Listening kicked off in the digital realm with a variety of CDs and the welcome opportunity to test the Nyquist’s streaming capabilities. On both fronts, the Brinkmann DAC acquitted itself very well, indeed. It was immediately obvious that it errs on the side of a sumptuous and velvety sound. Upholstered, if you will. I ran it and the Brinkmann Marconi Mk II preamp into the Ypsilon Hyperion and D’Agostino Relentless amplifiers, each of which demonstrated different features of this front-end equipment. The Relentless is simply a blockbuster of an amp, allowing you to test dynamics to the limit. The Hyperion likes to probe into the furthest recesses of a panoramic soundstage.
On Leonard Cohen’s final album You Want It Darker, the Nyquist and Marconi created a wide and deep soundstage that allowed you to track each accompanying instrument carefully. The bass was deep, but always carefully delineated.
The dominant impression that the Brinkmann equipment conveyed was of a sumptuous but never bloated sound. Dynamics were superb. On Mavis Staples’ album One True Vine [ANTI-Records], the drums and bass boasted real kick. Throughout, the Brinkmann gear handled the bass region extremely well, revealing nuances that other equipment sometimes skate over. On a Leonard Bernstein recording of Schubert’s Symphony No. 8 with the Vienna Philharmonic, I was bowled over by the texture of the doublebasses at the start of the first movement. Whether listening to solo piano or trumpet, it became obvious that this Teutonic gear wants to woo you, not bludgeon you over the head, with its swagger. Highs were slightly on the darker side, but this helped create a burnished sound.
This came home to me most vividly in listening to the Edison phonostage, which brings us to the heart of the Brinkmann enterprise, namely, vinyl. I listened to the Edison both through the Brinkmann and Ypsilon Silver PST-100 preamps. I found it most useful to isolate its sound by using the familiar Ypsilon. This afforded me the opportunity to hear exactly what it was—and was not—doing as it amplified the tiny signal from my Continuum Caliburn turntable and Swedish Analog Technologies reference CF1 tonearm via the Lyra Atlas SL and Miyajima Infinity mono cartridges.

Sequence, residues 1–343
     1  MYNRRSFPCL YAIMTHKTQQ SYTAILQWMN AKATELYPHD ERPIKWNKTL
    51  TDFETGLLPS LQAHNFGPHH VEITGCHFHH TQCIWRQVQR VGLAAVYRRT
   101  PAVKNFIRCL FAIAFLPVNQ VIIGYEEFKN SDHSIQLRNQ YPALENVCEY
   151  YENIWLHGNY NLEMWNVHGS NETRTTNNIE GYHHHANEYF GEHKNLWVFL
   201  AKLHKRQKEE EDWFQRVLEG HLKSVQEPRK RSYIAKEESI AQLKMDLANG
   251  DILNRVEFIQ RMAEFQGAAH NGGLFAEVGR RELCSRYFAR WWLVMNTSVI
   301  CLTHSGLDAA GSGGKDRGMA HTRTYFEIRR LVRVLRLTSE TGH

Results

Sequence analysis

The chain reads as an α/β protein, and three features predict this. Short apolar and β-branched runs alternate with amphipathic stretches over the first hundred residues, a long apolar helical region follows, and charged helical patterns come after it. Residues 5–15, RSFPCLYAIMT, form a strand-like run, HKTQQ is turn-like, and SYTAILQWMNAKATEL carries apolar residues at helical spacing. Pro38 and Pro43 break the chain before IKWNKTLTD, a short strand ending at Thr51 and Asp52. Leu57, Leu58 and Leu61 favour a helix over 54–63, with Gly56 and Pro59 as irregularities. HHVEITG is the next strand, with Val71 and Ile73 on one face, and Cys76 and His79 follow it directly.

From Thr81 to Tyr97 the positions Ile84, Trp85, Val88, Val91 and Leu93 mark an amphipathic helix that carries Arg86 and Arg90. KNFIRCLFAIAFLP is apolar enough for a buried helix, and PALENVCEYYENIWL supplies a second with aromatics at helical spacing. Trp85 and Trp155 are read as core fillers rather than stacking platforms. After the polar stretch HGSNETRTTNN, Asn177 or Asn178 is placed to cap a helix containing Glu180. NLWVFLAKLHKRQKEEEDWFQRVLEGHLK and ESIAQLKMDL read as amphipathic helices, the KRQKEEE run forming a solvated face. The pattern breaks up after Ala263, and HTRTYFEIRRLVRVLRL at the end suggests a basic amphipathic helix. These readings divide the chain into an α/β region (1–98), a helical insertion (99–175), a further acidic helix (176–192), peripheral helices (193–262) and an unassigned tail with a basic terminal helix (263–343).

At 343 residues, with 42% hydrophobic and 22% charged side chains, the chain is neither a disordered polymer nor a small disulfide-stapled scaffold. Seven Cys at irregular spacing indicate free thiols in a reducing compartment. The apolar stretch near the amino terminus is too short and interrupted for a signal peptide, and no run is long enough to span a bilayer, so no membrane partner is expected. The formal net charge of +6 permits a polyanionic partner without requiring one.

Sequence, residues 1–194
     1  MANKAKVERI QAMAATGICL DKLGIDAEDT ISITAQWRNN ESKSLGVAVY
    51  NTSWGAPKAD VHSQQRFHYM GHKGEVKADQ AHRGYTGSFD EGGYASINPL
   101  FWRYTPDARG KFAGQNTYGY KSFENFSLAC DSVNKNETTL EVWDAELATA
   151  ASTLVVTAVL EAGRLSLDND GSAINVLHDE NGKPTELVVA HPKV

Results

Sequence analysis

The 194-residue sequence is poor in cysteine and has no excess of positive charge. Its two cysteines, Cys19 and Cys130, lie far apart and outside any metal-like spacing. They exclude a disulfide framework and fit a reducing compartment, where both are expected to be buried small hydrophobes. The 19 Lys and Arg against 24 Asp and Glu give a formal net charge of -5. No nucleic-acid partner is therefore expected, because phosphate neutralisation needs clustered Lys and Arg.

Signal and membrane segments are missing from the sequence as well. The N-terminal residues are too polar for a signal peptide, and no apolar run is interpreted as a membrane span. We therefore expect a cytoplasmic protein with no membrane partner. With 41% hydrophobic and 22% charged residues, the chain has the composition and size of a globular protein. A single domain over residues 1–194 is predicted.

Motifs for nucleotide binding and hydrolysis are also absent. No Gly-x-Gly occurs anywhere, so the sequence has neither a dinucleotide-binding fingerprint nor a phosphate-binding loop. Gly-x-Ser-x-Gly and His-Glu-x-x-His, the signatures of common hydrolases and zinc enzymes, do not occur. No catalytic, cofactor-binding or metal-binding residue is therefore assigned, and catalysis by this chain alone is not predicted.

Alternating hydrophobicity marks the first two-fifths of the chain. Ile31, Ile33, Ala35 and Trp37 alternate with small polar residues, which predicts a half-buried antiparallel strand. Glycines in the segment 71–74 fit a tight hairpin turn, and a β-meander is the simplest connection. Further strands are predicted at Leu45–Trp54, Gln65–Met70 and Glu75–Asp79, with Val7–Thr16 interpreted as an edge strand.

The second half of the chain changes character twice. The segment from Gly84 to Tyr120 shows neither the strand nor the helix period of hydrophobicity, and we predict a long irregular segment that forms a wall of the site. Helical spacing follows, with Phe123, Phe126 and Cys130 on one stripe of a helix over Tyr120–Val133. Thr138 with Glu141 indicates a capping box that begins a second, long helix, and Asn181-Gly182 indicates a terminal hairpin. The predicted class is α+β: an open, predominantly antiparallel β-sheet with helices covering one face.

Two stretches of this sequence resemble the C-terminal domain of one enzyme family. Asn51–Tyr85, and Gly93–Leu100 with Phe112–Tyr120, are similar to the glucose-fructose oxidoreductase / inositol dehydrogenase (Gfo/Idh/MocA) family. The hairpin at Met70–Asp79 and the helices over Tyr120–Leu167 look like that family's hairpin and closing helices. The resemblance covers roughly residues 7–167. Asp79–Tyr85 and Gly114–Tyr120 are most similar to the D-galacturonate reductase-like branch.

The phonostage is quite flexible, allowing you to switch the transformers in and out of the circuit to boost the signal from moving-coil cartridges before the amplification stage. On stereo records I found the transformer to be indispensable. On mono records not so much. Many of the mono records from my jazz collection simply sounded incredible on the Brinkmann. Take the album Li’l Ol’ Groovemaker….Basie! The drums were set back far in the rear of the soundstage while the brass choirs came screaming out with what seemed like unprecedented ferocity in my system on cuts like “Nasty Magnus.” Basie apparently told Quincy Jones after the first run-through, “You ought to have written four of these, Quincy! That’s wailin’!” Indeed. Sonny Payne’s drums had visceral impact as the orchestra blasted out a series of crescendos.
Then there was the marvelous 1954 Norgran LP The Artistry of Buddy DeFranco. The interplay between DeFranco and the pianist Sonny Clark, who died in 1963 at the age of 31 and cut a number of solo albums for Blue Note including the classic Cool Struttin’, on songs such as “You Go To My Head” had a visceral palpability to it. The Edison finely rendered Clarke’s assured piano playing while capturing DeFranco’s lambent tone. It was simplicity itself to follow their exchange of musical ideas. The sound was so spectacular that it prompted me to whip out a bunch of other mono albums. It’s always salutary to return to mono records, which have their own weighty sound that can often elude later, supposedly superior stereo recordings. I’ve found that this is so particularly in the bass region. I thus much enjoyed listening to Red Garland’s Prestige album All Kinds of Weather, which features the legendary Paul Chambers on bass. The Edison provided a rock-solid rendition of this trio, the best I’ve hitherto heard.